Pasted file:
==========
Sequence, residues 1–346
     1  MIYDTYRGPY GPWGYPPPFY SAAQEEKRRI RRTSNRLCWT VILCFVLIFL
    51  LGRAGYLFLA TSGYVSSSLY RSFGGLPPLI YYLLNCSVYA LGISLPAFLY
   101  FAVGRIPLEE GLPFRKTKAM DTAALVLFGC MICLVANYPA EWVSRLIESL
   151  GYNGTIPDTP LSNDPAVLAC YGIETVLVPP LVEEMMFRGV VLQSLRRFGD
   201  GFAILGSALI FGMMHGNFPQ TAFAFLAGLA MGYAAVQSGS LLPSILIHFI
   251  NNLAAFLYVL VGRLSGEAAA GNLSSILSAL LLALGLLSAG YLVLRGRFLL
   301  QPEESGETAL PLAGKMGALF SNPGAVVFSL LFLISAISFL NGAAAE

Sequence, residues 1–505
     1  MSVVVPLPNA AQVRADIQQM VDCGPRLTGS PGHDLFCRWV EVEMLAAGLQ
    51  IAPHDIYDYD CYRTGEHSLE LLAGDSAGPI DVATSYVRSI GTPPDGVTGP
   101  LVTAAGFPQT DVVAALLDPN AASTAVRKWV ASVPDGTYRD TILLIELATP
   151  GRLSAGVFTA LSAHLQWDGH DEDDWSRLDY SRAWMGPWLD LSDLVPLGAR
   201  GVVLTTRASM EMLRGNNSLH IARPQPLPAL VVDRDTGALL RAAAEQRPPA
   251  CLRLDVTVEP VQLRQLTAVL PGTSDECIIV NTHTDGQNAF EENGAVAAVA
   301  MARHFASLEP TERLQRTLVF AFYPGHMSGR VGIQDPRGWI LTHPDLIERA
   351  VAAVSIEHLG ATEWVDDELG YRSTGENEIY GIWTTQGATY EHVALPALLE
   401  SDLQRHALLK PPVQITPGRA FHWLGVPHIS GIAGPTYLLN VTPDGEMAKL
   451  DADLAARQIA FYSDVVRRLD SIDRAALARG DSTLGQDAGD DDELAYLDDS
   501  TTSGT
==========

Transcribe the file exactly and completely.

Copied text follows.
Sequence, residues 1–346
     1  MIYDTYRGPY GPWGYPPPFY SAAQEEKRRI RRTSNRLCWT VILCFVLIFL
    51  LGRAGYLFLA TSGYVSSSLY RSFGGLPPLI YYLLNCSVYA LGISLPAFLY
   101  FAVGRIPLEE GLPFRKTKAM DTAALVLFGC MICLVANYPA EWVSRLIESL
   151  GYNGTIPDTP LSNDPAVLAC YGIETVLVPP LVEEMMFRGV VLQSLRRFGD
   201  GFAILGSALI FGMMHGNFPQ TAFAFLAGLA MGYAAVQSGS LLPSILIHFI
   251  NNLAAFLYVL VGRLSGEAAA GNLSSILSAL LLALGLLSAG YLVLRGRFLL
   301  QPEESGETAL PLAGKMGALF SNPGAVVFSL LFLISAISFL NGAAAE

Sequence, residues 1–505
     1  MSVVVPLPNA AQVRADIQQM VDCGPRLTGS PGHDLFCRWV EVEMLAAGLQ
    51  IAPHDIYDYD CYRTGEHSLE LLAGDSAGPI DVATSYVRSI GTPPDGVTGP
   101  LVTAAGFPQT DVVAALLDPN AASTAVRKWV ASVPDGTYRD TILLIELATP
   151  GRLSAGVFTA LSAHLQWDGH DEDDWSRLDY SRAWMGPWLD LSDLVPLGAR
   201  GVVLTTRASM EMLRGNNSLH IARPQPLPAL VVDRDTGALL RAAAEQRPPA
   251  CLRLDVTVEP VQLRQLTAVL PGTSDECIIV NTHTDGQNAF EENGAVAAVA
   301  MARHFASLEP TERLQRTLVF AFYPGHMSGR VGIQDPRGWI LTHPDLIERA
   351  VAAVSIEHLG ATEWVDDELG YRSTGENEIY GIWTTQGATY EHVALPALLE
   401  SDLQRHALLK PPVQITPGRA FHWLGVPHIS GIAGPTYLLN VTPDGEMAKL
   451  DADLAARQIA FYSDVVRRLD SIDRAALARG DSTLGQDAGD DDELAYLDDS
   501  TTSGT